Discipleship Is Not A Program – So What Is It?

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There seems to be a confusion of definitions when it comes to defining discipleship. People want to define discipleship as all the things they are already doing. And what churches are already doing are typically programmatic.

Let’s be clear – Discipleship is not a sermon or a Bible class. Discipleship is most likely not your small group ministry. Discipleship is not something you cover in a weekend seminar and now you are a church serious about discipleship.

Discipleship is not a program

You can’t just find one more deacon to do this and one more hire doesn’t automatically fix it. Discipleship was never meant to be run through the typical organizational principles and layers of authority that are in church governance and ministry.

If discipleship is not a program, what is it?

1 – Discipleship is a lifestyle and not a program. Programs are run by particular people at particular times with a particular budget. Discipleship is part of our everyday lives and it is not confined to a specific set of church leaders at the building or a set time of the week.

This takes us back to the problem of definitions. We have a definition problem with discipleship because we have a church paradigm problem. The way we do church is a culture of its own that is not always compatible with a discipleship culture. That leads us to #2.

2 – Discipleship is a Culture not a Commodity

Sometimes church can be viewed as a purveyor of religious goods and services. The ministers serve as the priests of the congregation doing their spiritual duty for the masses. That is a church culture.

That is quite a bit different from discipleship culture where people are intentionally following Jesus and incorporating Jesus’ teachings into their lives on a regular basis in community with others who are doing the same. Discipleship culture is a community on a journey with Jesus at the helm. Brandon Guindon wrote a really good book on how to have a discipleship culture in your church.

3 – Discipleship is Holy Spirit empowered rather than Human empowered

The Holy Spirit is helping, guiding and empowering the lives of the people. We aren’t doing things by our own strength. There is no budget that is sufficient to the task. There is no way to programmize the John 3 Holy Spirit who blows where He wills. This insufficiency on our part drives us to depend on God rather than self. God’s provision is greater than any need we can have in accomplishing what He told us to do.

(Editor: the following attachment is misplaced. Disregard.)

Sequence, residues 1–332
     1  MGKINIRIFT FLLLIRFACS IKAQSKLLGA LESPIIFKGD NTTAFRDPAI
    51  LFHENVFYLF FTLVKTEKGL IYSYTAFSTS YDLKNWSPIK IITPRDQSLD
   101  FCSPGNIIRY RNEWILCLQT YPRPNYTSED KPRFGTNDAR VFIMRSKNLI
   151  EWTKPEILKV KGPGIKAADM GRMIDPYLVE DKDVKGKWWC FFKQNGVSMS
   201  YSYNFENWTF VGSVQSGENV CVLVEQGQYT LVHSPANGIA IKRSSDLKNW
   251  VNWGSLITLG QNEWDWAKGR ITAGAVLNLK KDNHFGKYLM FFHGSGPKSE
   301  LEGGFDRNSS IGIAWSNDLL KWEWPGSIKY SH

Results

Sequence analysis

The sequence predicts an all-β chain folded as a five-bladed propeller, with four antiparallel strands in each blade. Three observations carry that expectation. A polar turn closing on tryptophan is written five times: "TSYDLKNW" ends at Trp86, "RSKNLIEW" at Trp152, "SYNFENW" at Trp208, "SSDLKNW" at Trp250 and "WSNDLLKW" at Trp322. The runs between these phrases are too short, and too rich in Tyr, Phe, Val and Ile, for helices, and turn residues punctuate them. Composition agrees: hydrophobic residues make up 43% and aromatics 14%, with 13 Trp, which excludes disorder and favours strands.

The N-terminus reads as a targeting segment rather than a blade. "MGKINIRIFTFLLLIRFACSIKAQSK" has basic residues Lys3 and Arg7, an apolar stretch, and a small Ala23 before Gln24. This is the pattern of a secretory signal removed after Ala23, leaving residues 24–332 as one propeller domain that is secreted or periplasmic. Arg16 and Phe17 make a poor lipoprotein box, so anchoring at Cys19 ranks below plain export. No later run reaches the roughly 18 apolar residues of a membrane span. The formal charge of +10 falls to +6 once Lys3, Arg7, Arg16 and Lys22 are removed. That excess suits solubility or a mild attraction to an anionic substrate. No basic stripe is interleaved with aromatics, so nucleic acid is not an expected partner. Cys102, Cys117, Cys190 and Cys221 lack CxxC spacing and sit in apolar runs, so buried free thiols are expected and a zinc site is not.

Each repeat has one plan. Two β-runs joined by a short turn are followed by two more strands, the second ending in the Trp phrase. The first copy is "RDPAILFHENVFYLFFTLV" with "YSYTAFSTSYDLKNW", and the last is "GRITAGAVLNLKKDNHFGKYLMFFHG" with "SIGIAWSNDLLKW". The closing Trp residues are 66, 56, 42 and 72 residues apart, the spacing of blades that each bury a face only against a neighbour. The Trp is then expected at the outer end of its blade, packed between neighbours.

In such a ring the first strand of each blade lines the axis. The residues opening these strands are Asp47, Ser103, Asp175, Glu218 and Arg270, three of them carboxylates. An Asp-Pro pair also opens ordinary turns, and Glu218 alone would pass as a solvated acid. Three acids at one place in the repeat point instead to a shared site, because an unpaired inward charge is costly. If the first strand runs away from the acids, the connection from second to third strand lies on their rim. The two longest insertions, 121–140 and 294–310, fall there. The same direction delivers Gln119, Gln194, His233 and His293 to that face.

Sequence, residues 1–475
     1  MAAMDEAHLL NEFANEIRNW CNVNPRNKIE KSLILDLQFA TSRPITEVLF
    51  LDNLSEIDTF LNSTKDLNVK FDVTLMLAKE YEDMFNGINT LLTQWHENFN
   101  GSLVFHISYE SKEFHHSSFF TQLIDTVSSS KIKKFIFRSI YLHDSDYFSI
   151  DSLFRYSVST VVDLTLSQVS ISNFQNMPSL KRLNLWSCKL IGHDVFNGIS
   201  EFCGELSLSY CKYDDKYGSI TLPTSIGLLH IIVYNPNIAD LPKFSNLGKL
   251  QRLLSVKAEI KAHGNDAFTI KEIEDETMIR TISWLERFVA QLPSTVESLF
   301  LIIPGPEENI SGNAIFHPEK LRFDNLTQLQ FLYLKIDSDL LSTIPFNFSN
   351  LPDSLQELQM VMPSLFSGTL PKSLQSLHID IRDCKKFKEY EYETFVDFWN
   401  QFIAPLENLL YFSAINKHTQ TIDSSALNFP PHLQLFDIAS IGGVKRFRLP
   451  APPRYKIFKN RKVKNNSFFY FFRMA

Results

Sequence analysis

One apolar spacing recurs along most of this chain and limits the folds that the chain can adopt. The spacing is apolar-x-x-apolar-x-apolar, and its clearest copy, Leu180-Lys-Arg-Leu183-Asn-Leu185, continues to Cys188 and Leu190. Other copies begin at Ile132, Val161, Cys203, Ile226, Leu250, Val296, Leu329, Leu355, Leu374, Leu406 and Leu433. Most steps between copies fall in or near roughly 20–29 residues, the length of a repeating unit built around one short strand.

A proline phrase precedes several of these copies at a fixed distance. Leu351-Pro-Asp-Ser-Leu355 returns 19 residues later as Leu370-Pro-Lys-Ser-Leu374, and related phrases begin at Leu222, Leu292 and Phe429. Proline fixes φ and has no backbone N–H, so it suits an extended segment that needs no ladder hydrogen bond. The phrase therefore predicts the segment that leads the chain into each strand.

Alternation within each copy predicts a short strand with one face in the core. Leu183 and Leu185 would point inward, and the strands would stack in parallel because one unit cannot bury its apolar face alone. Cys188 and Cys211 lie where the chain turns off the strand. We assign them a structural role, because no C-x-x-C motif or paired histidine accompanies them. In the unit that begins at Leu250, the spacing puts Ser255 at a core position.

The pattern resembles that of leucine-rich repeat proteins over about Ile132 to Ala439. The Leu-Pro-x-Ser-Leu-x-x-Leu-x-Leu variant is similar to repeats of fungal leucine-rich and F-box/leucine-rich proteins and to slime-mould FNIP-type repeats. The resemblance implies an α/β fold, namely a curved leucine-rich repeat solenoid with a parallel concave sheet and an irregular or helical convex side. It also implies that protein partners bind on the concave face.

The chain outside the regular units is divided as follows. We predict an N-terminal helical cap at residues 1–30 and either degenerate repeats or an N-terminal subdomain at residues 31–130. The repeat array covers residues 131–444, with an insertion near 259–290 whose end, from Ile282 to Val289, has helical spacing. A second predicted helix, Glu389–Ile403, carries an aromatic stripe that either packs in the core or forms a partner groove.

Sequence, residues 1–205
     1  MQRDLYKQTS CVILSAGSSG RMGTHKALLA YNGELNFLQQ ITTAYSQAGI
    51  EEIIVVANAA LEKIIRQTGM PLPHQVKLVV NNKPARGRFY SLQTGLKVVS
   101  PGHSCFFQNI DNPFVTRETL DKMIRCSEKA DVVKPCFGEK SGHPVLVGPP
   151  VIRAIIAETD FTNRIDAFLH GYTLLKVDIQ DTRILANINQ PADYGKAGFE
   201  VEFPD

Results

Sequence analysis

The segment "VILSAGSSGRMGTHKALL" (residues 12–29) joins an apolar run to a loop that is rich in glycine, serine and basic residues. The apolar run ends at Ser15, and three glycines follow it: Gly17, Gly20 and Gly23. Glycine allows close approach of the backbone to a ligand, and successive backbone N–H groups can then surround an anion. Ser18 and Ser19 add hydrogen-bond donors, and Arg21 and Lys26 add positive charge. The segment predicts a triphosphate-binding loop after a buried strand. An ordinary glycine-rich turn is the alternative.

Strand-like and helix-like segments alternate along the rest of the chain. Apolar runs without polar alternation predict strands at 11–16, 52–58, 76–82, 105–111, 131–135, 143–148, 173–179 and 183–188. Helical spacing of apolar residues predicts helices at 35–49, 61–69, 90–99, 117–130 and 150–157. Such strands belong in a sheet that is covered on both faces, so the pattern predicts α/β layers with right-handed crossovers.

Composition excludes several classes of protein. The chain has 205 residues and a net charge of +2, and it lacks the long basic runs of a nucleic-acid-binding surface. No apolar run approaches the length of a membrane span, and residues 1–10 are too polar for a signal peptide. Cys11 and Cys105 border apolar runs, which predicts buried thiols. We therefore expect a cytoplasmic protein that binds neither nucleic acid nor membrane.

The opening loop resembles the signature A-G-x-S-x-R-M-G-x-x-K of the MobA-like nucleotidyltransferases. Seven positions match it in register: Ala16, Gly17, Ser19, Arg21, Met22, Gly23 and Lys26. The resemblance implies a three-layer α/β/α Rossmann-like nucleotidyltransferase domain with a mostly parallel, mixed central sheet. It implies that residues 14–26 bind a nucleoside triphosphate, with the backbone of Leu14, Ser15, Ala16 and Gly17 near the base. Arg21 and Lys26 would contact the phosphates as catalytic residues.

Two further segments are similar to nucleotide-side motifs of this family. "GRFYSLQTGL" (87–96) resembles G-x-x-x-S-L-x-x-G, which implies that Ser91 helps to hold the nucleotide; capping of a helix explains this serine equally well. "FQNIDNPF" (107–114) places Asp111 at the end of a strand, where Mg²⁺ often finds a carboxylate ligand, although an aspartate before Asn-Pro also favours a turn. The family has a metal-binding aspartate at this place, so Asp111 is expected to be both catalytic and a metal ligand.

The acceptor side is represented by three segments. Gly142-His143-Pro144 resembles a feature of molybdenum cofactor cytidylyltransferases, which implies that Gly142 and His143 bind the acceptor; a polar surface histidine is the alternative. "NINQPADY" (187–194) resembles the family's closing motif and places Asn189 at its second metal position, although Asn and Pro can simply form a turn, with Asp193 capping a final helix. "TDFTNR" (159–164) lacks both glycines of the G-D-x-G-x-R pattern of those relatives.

4 – If you want to define discipleship you look to Jesus.

Jesus showed us the life he wants for us. He lived it. He breathed it. He invited us along on the journey. We can know what to do as we look to Jesus and follow/imitate His lead. Pay close attention in the gospels to how Jesus intentionally trained His followers. Pay close attention to Acts and their ability to replicate what Jesus put in them, in others. Do that and share it with others.


The reality is, all of what I am talking about are what church was always supposed to be about. Let’s get back to that simple faith and that simple church that we see in the Bible – disciples who make disciples who are all following Jesus together.

This is what church is – when you follow Jesus and you look to your left and right and see who else is following and you decide to journey together, that is church!

I would like to hear your experience on this. What type of church culture are you accustomed to and how do you see it like or unlike discipleship culture?

Last, let’s pray that our church leaders will have the courage to start these conversations and evaluate what is going on in the ministries to re-align things around what Jesus called us to do.

One Response

  1. Discipleship is, indeed a lifestyle. But it is a concept that (originally) is not a religious concept. It seems that is where we get into trouble.
    The Greek philosophers had disciples. During the middle ages wandering teachers were followed by disciples.
    It calls for commitment to both the learned and the teacher. A commitment for both good and bad times.
    It calls for understanding the relationship between master and apprentice. The U.S. mentality has issues being submissive to someone. After all, this is the country of rugged individualism. How do you reconcile that with the spirit of discipleship?

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